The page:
It should be noted that a few countries have included STTTRs in the past, for instance in treaties between Ghana and Denmark (protocol) or Mauritius and Germany (article 4). These tend to be narrower in the sense that only taxpayers that benefit from specific preferential regimes are targeted, but they have harsher consequences as all benefits of the treaty are denied to those in scope of the STTR.

Political Considerations

Even though the UNTC STTR is broader in scope, the Pillar 2 STTR may be more effective at safeguarding source taxing rights because it could be easier to implement into actual treaties – or at least so argues the OECD.

There are indeed some merits to the argument: IF members have agreed that members adopting tax regimes with nominal tax rates below 9% for covered types of income must agree to introduce the Pillar 2 STTR into a treaty if asked by other IF members that are a low-income country. Hence, countries are likely able to introduce the Pillar 2 STTR without having to make other concessions.

In contrast, introducing another STTR may be more difficult, since a partner country can calculate in advance how much the inclusion of the provision with a given rate and given scope will approximately cost its resident multinational enterprises (MNEs) and possibly demand other concessions in return. Even though the UNTC STTR has been included in the proposed UN fast-track instrument, which can facilitate its implementation, there is no comparable multilateral agreement on its introduction and it leaves several design aspects open for bilateral negotiations.

However, this IF members commitment mentioned above is subject to interpretation. For example, the reference to “types of covered income” suggests that it includes provisions such as patent boxes or headquarter regimes with rates lower than 9%. It seems less certain though whether it is meant to encompass tax holidays, tax reductions for specific geographic areas, or other provisions that result in a “permanent adjustment” of the tax rate (i.e., for which the STTR would apply once introduced).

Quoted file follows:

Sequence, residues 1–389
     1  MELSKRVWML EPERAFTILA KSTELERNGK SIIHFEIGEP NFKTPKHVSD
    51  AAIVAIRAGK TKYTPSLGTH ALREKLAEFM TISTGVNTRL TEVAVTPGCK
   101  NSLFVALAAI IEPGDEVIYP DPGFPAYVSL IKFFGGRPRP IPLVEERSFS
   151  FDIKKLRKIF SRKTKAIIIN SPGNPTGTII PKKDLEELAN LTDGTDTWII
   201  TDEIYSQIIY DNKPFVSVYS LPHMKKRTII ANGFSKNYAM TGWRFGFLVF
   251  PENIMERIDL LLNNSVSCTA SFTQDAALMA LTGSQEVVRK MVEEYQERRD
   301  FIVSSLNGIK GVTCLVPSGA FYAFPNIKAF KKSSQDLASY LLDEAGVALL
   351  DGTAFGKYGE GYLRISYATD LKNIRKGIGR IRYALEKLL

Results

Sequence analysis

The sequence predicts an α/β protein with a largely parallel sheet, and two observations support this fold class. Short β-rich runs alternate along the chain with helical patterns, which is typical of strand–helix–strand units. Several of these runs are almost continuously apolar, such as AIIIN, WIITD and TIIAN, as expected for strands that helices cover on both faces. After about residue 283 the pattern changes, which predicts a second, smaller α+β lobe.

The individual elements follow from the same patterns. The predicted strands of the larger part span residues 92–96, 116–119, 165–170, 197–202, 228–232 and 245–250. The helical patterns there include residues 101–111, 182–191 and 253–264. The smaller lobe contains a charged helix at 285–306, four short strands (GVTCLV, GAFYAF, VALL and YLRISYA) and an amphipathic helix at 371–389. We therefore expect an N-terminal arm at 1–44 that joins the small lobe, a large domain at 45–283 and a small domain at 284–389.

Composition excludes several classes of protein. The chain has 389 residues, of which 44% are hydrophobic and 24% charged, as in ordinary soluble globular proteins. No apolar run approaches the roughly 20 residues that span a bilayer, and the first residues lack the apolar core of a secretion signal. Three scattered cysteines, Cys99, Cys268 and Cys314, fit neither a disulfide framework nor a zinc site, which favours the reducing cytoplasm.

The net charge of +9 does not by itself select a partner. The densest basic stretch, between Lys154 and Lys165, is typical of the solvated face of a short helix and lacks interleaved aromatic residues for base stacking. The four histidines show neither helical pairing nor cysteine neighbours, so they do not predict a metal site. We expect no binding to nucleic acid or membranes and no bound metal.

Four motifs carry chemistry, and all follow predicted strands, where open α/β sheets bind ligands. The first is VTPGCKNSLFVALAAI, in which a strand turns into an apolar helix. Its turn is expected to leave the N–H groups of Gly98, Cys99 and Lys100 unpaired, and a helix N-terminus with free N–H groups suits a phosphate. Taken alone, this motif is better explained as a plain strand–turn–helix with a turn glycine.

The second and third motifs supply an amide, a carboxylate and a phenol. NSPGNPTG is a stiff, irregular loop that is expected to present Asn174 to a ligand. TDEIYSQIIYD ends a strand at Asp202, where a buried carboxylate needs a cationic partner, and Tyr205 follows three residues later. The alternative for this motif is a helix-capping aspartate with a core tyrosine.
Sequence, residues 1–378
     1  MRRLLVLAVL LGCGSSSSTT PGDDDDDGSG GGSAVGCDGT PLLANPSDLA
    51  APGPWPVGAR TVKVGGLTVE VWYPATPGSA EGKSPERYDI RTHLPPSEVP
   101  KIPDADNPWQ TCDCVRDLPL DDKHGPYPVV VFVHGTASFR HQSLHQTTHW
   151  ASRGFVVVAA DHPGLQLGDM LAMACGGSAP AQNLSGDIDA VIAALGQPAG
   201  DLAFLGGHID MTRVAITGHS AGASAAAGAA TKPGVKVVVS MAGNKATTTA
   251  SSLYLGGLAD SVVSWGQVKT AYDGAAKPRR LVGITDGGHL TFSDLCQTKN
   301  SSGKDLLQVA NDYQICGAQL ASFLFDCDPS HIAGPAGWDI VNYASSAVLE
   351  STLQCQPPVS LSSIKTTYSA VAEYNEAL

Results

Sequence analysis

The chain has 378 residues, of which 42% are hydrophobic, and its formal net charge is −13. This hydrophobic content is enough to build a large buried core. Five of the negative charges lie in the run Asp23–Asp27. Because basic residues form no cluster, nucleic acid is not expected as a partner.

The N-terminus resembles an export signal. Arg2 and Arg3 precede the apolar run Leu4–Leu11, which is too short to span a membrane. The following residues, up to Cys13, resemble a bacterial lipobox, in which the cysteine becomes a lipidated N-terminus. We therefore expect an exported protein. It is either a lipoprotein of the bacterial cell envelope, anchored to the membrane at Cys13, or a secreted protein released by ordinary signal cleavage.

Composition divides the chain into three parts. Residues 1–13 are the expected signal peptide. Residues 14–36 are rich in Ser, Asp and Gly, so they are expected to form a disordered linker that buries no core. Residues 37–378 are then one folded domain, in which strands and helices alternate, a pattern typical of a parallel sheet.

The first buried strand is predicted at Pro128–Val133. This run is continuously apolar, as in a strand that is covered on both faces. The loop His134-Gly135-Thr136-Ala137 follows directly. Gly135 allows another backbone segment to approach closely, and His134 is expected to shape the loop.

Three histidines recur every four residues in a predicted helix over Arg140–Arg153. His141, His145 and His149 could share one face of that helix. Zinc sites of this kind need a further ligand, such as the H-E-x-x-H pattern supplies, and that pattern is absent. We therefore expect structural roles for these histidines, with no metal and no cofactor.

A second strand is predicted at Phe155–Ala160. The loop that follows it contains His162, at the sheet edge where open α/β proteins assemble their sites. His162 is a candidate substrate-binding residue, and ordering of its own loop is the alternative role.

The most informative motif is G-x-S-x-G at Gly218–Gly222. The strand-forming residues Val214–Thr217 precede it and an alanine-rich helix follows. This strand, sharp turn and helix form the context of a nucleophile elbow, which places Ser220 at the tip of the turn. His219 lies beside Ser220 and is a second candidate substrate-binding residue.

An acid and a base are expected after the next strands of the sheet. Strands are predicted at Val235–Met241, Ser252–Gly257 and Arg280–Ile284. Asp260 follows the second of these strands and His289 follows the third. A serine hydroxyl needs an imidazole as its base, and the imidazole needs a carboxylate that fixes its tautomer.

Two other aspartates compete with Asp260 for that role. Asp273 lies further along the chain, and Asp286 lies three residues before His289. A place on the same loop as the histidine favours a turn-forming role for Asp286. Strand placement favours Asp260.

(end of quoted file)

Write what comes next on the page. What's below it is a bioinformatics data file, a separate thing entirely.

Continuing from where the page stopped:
Is an STTR worth it at all?

An IMF report from early 2023 evaluated the impact of the Pillar 2 STTR on tax revenue as small since most treaties signed by developing countries already include withholding taxes higher than 9% for interest and royalties. Nevertheless, the STTR could still be relevant for the payments for services where article 12A is missing from a treaty and the payments for the use of equipment which are not always included in the definition of royalties. The UN version’s much wider scope means that it would have a greater impact, but it does depend on whether countries can be persuaded or pressurized to adopt it.

Yet, any STTR creates an incentive for residence countries to “soak-up” the tax levied by the source country under the STTR, by increasing their nominal tax rate on payments in-scope of the STTR. In that case an STTR would not directly result in additional revenue for a source country. However, this would incentivize companies to stop using intermediary jurisdictions and instead make direct payments to entities in other jurisdictions, for which the source country may have greater source taxing rights. In addition, preventing double non-taxation through an STTR (no matter which country ends up levying the tax) could also help reduce competitive advantages of foreign companies over domestic ones.

Which STTR to implement? Some policy considerations

To decide whether and which STTR to implement, countries need to carefully evaluate all their treaties. They should give special attention to treaties with countries that act as investment hubs, or that have specific low tax regimes used for internationally mobile investment.

In treaties based on the more recent versions of the UN Model Convention and that allow for sufficiently high withholding taxes, an STTR may not be necessary. For other existing treaties and for newly negotiated treaties, more analysis is necessary. For treaties that do not allow for the taxation of services at source, an STTR may be worthwhile.

In general, it is advisable to include a more robust and administratively simpler STTR, based on the UN Model. However, if a partner country asks for reduced “primary” source taxing rights (e.g., lower withholding taxes) in exchange for the introduction of a broad STTR, safeguarding these primary taxing rights may be privileged. In this case, the Pillar 2 STTR may be the better option.

Frederik Heitmüller

Frederik Heitmüller works with ICTD’s International Tax Team. His research focuses on policies against corporate tax avoidance, the influence of international norms in the Global South and global tax governance. He is also a PhD Candidate and Teacher in international tax law at Leiden University’s Institute for Tax Law and Economics. Prior to joining ICTD, he worked at Leiden University’s GLOBTAXGOV project, investigating the political economy of the BEPS Project in the Global South. He has a master’s degree in political science from Sciences Po Bordeaux and University of Stuttgart.